Houston Methodist said surgeons there have now performed more than 1,000 heart transplants, since the first one was carried out 50 years ago, in Houston. Another hospital, Baylor St. Luke’s Medical Center, told News 88.7 it reached that milestone mark back in February of 2006; and it’s now over the 1,450 mark.
But, nonetheless, thousands of patients have benefited from what doctors call a revolutionary, effective treatment for end-stage heart failure.
Dr. Thomas MacGillivray and Dr. Erik Suarez performed the 1,000th heart transplant at Houston Methodist, back in December. MacGillivray, the Chief of Cardiac Surgery and Thoracic Transplant at the hospital, said, "The progress that has been made, in just 50 years, in allowing people with end-stage heart disease, who are not only dying, but crippled by their heart disease; to give them a revolutionary, effective therapy in a heart transplant... I mean, it is amazing."
MacGillivray said people who receive heart transplants have a miraculous recovery: they can go back to work and exercise. And doctors can also now take advantage of better technology, such as mechanical circulatory support devices for patients with failing hearts, and even 3-D printing.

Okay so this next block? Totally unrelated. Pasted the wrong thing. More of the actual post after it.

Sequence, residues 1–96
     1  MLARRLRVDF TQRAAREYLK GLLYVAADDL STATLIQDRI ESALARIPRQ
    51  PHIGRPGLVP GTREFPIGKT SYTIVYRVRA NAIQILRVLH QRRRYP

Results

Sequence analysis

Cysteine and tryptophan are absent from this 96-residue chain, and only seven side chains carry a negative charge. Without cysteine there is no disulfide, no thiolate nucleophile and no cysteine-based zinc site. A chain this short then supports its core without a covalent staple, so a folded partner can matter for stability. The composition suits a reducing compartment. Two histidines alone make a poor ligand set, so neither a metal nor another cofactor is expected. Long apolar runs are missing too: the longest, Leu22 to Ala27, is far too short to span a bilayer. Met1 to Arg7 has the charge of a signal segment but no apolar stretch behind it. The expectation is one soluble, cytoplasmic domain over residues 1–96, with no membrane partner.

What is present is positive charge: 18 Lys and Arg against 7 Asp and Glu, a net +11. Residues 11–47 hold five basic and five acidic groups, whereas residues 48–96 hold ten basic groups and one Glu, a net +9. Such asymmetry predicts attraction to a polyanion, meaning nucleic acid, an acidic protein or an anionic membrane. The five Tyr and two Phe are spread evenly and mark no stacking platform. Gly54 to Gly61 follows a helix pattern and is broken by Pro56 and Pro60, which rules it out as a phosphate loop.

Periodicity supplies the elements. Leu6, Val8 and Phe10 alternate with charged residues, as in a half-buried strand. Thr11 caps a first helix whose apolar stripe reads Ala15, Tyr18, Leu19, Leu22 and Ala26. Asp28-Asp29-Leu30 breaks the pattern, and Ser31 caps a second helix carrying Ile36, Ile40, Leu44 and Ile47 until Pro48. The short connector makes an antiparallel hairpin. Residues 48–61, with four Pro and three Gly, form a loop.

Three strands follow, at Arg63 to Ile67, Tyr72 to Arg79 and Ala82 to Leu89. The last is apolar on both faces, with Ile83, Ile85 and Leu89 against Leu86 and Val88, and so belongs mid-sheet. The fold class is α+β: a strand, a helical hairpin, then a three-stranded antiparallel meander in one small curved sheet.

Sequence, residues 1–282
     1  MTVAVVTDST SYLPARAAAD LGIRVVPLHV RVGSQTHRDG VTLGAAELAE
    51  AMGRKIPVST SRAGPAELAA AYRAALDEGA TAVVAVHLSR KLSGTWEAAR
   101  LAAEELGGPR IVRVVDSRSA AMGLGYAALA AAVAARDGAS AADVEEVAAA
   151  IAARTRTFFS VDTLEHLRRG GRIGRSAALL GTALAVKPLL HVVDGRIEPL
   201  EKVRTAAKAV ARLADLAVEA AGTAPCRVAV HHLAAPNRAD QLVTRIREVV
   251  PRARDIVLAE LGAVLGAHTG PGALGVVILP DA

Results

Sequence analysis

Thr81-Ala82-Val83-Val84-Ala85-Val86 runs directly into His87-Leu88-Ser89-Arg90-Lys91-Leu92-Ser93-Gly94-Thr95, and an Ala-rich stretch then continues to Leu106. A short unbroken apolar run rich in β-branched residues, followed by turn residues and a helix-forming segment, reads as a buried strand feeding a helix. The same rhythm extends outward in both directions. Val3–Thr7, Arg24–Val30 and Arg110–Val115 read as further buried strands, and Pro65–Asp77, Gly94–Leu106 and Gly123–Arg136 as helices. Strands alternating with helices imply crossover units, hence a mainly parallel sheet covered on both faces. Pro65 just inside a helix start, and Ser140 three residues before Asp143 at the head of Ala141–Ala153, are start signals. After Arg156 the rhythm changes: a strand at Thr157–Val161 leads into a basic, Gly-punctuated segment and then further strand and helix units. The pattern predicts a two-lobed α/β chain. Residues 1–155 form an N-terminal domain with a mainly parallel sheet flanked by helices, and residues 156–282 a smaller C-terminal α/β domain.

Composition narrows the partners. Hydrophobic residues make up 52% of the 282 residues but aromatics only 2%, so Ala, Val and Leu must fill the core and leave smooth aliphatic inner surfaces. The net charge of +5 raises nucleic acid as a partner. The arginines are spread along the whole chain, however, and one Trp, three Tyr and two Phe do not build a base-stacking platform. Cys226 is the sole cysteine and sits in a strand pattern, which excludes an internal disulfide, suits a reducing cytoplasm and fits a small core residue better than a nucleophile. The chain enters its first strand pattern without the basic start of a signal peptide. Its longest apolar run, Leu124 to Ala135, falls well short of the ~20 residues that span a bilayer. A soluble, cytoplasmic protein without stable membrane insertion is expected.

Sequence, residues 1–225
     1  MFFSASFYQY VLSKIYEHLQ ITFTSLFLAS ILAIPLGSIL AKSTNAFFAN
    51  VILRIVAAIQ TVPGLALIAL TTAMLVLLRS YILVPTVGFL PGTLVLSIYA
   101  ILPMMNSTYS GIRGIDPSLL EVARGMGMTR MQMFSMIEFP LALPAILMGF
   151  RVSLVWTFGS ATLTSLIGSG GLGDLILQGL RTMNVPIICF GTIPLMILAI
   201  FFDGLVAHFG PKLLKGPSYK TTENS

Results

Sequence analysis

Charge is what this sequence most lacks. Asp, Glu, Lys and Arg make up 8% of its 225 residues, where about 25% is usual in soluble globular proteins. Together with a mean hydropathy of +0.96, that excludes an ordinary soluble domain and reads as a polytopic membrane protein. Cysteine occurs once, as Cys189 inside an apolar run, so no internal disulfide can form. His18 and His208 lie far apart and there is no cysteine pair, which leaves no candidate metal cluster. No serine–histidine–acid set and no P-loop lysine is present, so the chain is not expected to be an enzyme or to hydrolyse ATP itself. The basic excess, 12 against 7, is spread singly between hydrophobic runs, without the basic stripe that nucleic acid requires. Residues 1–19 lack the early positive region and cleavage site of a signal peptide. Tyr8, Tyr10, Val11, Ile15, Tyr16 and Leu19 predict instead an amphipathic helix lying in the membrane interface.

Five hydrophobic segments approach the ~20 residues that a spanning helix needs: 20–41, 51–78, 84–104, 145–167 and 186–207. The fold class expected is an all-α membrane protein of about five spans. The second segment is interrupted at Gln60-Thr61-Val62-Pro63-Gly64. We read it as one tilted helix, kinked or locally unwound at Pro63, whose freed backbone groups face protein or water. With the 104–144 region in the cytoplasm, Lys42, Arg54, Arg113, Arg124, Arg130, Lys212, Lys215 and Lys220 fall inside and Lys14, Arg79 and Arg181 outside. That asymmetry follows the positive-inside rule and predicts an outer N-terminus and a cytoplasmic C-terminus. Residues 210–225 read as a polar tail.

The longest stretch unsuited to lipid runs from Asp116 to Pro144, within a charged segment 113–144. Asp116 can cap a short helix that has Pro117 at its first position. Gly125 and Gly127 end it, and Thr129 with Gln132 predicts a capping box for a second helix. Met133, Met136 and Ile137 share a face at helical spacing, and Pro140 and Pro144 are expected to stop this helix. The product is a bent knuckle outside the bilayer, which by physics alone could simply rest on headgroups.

"Rather than just looking at pictures, we can actually take those X-rays and images, and make them into something we can touch and see and actually plan our operations, based on those models," said MacGillivray.
But, he said one thing hasn't changed much over the past few decades: the limited amount of donor hearts.
"That's been the only limiting step to offering this to more people," MacGillivray explained. “There's all kinds of ideas and legislation and outreach to try to get people to be donors. You know, you go to get your driver's license, or you go to city hall. You see the applications and you check the box; that's all well and good. But really what it is: at terrible time in family's life, when there's an awful tragedy, that's when people get asked to be willing donate ‘the person who checked the box’'s heart. The person can't offer it up, it has to be their family. So it's an incredibly big ask. But, it moves me every time, quite honestly, that people are so thoughtful and generous and giving, at maybe one of worst times, if not the worst time, in their life," said MacGillivray.
According to the United Network for Organ Sharing, 358 patients in Texas are still on the waiting list to receive one.
EDITOR’S NOTE: This story has been updated after original publication, to reflect Baylor St. Luke’s Medical Center’s record of heart transplants.